- void glStencilFuncSeparate(GLenum face, GLenum func, GLint ref, GLuint mask);
- Specifies whether front and/or back stencil state is updated. Three symbolic constants are valid: GL_FRONT, GL_BACK, and GL_FRONT_AND_BACK.
- Specifies the test function. Eight symbolic constants are valid: GL_NEVER, GL_LESS, GL_LEQUAL, GL_GREATER, GL_GEQUAL, GL_EQUAL, GL_NOTEQUAL, and GL_ALWAYS. The initial value is GL_ALWAYS.
- Specifies the reference value for the stencil test. ref is clamped to the range 0 2 n - 1, where n is the number of bitplanes in the stencil buffer. The initial value is 0.
- Specifies a mask that is ANDed with both the reference value and the stored stencil value when the test is done. The initial value is all 1's.
Stenciling, like depth-buffering, enables and disables drawing on a per-pixel basis. You draw into the stencil planes using GL drawing primitives, then render geometry and images, using the stencil planes to mask out portions of the screen. Stenciling is typically used in multipass rendering algorithms to achieve special effects, such as decals, outlining, and constructive solid geometry rendering.
The stencil test conditionally eliminates a pixel based on the outcome of a comparison between the reference value and the value in the stencil buffer. To enable and disable the test, call glEnable() and glDisable() with argument GL_STENCIL_TEST. To specify actions based on the outcome of the stencil test, call glStencilOp() or glStencilOpSeparate().
There can be two separate sets of func, ref, and mask parameters; one affects back-facing polygons, and the other affects front-facing polygons as well as other non-polygon primitives. glStencilFunc() sets both front and back stencil state to the same values, as if glStencilFuncSeparate() were called with face set to GL_FRONT_AND_BACK.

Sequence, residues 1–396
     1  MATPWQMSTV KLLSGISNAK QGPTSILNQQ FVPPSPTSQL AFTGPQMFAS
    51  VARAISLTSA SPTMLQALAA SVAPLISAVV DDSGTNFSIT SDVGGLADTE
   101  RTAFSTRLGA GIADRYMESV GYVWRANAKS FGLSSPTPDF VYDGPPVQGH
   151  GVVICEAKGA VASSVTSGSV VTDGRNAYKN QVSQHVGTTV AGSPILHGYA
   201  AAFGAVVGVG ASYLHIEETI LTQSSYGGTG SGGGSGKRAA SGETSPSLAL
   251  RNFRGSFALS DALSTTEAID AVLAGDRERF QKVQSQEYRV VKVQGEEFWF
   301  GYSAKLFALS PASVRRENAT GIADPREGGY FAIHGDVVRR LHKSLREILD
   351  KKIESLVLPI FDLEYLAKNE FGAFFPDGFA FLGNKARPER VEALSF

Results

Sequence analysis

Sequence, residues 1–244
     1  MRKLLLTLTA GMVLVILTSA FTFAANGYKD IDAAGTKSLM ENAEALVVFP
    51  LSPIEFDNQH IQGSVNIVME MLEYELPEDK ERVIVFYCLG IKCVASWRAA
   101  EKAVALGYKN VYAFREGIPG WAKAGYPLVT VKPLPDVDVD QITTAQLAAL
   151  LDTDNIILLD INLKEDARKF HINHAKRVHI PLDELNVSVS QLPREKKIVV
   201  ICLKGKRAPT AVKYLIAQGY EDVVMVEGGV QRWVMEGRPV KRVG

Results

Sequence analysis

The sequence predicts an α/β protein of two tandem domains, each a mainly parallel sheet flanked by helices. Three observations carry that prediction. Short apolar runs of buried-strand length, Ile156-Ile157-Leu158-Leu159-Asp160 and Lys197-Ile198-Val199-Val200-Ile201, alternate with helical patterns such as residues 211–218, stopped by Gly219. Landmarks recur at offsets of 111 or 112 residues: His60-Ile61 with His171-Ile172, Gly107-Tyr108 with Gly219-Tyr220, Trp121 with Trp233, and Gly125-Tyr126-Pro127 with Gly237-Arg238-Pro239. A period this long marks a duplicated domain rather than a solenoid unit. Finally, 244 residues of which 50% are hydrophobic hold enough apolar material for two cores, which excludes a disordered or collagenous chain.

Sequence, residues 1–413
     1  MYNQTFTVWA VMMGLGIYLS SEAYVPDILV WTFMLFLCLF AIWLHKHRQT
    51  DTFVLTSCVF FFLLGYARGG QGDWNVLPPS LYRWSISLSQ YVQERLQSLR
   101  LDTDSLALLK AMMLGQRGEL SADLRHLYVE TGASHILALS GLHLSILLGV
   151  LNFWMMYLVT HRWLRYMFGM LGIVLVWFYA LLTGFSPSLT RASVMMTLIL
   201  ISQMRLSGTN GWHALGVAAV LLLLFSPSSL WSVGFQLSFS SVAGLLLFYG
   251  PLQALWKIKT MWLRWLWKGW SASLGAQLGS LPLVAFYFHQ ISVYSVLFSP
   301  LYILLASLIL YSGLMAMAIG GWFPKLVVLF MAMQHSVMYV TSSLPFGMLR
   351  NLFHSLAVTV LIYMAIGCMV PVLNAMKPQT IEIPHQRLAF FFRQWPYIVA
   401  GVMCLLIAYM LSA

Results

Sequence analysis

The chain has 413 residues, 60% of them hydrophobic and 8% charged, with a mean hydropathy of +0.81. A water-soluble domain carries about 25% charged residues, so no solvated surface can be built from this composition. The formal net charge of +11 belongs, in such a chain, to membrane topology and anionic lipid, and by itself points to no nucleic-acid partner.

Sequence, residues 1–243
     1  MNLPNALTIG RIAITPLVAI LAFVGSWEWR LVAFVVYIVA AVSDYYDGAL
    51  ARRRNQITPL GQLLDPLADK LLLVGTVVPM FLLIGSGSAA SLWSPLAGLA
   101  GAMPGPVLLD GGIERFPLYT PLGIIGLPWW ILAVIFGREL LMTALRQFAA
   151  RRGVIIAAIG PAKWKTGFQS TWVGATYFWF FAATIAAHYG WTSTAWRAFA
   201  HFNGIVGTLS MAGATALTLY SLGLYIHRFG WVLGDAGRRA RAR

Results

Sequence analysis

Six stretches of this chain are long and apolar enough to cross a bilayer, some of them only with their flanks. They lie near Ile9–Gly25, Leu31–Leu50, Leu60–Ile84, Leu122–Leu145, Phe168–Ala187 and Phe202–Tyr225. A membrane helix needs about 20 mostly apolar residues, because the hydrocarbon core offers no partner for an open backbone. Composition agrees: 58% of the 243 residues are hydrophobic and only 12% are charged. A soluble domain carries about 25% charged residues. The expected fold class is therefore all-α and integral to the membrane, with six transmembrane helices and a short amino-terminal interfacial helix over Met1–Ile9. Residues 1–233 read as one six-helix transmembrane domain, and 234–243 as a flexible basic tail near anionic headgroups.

func is a symbolic constant that determines the stencil comparison function. It accepts one of eight values, shown in the following list. ref is an integer reference value that is used in the stencil comparison. It is clamped to the range 0 2 n - 1, where n is the number of bitplanes in the stencil buffer. mask is bitwise ANDed with both the reference value and the stored stencil value, with the ANDed values participating in the comparison.
If stencil represents the value stored in the corresponding stencil buffer location, the following list shows the effect of each comparison function that can be specified by func. Only if the comparison succeeds is the pixel passed through to the next stage in the rasterization process (see glStencilOp()). All tests treat stencil values as unsigned integers in the range 0 2 n - 1, where n is the number of bitplanes in the stencil buffer.
The following values are accepted by func:
- Always fails.
- Passes if ( ref & mask ) < ( stencil & mask ).
- Passes if ( ref & mask ) <= ( stencil & mask ).
- Passes if ( ref & mask ) > ( stencil & mask ).
- Passes if ( ref & mask ) >= ( stencil & mask ).
- Passes if ( ref & mask ) = ( stencil & mask ).
- Passes if ( ref & mask ) != ( stencil & mask ).
- Always passes.
Initially, the stencil test is disabled. If there is no stencil buffer, no stencil modification can occur and it is as if the stencil test always passes.
GL_INVALID_ENUM is generated if func is not one of the eight accepted values.
glGet() with argument GL_STENCIL_FUNC, GL_STENCIL_VALUE_MASK, GL_STENCIL_REF, GL_STENCIL_BACK_FUNC, GL_STENCIL_BACK_VALUE_MASK, GL_STENCIL_BACK_REF, or GL_STENCIL_BITS
glIsEnabled() with argument GL_STENCIL_TEST
Copyright © 2006 Khronos Group. This material may be distributed subject to the terms and conditions set forth in the Open Publication License, v 1.0, 8 June 1999. m[blue]http://opencontent.org/openpub/m.